Sri Lanka to introduce fingerprint database on environmental crimes

Crime scene investigation (CSI) expert and founder of Serendipity Wildlife Foundation Ravi Perera, along with the Wildlife and Nature Protection Society (WNPS) of Sri Lanka, announced plans to introduce a computerised fingerprint database on a national scale in 2019. The system – maintained by the Department of Wildlife Conservation – would help identify criminals who commit wildlife crimes.

Hunting and poaching of animals in Sri Lanka are primarily carried out for the sale of meat and organs, and very rarely for domestic consumption.

Although not as severe a problem in Sri Lanka as in other countries, it has been observed that poaching increases during the dry periods of the year when animals travel in open spaces in search of water. Animals that fall victim to such crimes in Sri Lanka include wild boar, spotted deer, sambar deer, elephants, pangolins, turtles, whales and porpoises.

Certain plants and animals in Sri Lanka are protected from poaching under the Fauna and Flora Protection Ordinance. Violators of the regulation can be arrested without warrant and will face jail time for up to two years, along with having to pay a fine ranging between Rs. 20,000 and Rs. 50,000.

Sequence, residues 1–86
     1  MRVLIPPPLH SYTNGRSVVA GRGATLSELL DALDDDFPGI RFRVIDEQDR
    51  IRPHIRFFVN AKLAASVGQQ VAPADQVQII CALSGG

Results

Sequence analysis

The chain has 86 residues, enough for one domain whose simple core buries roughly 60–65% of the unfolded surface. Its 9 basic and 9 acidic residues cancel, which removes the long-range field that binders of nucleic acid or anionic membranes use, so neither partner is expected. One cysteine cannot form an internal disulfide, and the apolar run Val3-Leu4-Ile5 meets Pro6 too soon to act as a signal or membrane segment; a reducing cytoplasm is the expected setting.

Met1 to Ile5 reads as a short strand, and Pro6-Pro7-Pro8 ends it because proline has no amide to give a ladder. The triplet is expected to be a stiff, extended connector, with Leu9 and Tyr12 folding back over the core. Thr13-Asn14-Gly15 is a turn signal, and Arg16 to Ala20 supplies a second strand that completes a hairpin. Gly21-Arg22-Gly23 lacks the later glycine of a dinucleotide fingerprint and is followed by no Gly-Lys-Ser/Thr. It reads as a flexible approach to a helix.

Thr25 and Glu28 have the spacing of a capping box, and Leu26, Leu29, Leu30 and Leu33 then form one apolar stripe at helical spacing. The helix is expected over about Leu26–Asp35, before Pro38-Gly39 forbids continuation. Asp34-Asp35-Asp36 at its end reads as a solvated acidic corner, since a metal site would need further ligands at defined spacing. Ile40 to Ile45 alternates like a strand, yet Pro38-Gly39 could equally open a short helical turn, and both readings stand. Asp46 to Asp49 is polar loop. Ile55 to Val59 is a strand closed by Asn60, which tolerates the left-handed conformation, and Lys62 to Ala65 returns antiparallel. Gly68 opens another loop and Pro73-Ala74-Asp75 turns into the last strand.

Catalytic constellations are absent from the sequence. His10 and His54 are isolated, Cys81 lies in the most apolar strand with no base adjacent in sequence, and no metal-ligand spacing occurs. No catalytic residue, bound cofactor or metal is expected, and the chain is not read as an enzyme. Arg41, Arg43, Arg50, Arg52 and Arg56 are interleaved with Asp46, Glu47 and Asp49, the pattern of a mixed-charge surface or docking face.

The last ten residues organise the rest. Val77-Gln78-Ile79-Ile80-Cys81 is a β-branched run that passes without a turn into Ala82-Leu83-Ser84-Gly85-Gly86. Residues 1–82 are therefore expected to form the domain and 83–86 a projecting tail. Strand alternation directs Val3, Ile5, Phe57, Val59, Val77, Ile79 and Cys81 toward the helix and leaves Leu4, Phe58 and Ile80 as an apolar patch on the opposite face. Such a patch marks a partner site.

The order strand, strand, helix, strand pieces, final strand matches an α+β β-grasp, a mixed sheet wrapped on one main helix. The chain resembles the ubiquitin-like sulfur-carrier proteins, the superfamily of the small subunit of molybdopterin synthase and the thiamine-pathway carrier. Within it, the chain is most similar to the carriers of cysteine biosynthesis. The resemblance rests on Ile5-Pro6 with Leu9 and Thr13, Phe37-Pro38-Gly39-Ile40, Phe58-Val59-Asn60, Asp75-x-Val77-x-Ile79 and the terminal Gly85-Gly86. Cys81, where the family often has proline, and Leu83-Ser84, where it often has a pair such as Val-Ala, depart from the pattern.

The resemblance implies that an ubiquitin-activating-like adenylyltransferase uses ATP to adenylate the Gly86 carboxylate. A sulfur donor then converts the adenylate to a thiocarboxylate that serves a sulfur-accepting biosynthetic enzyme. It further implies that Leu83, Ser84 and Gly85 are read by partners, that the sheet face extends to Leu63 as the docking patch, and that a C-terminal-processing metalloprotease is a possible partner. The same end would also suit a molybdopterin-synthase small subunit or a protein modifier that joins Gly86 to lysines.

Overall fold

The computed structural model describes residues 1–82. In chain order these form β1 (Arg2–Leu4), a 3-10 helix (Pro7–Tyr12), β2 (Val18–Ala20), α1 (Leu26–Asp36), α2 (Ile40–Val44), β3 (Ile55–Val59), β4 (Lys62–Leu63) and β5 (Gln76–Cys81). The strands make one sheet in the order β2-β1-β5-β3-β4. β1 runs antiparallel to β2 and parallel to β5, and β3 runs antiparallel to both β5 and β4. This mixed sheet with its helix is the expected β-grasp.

Crimes against wildlife however, receive less attention and are not taken as seriously as crimes against people. Moreover, the mechanisms in place have not been stringent enough to put an end to such crimes.

This is where the world of forensics can make a difference in combating wildlife crimes.

According to WNPS Vice President Ranil Peiris, the fingerprint database will be “much like the one utilised in the United States with the exclusive purpose of enforcing law against criminals who perpetrate wildlife crimes.”

He explains: “The database will assist in identifying offenders and repeat offenders. What happens most often than not in Sri Lanka is that when a poacher or any other wildlife offender is arrested, there will be a ‘mudalali’ to pay off the fine or bail charges. However, with the evidence provided through a database, repeat offenders can be identified, allowing a court of law to take necessary action.”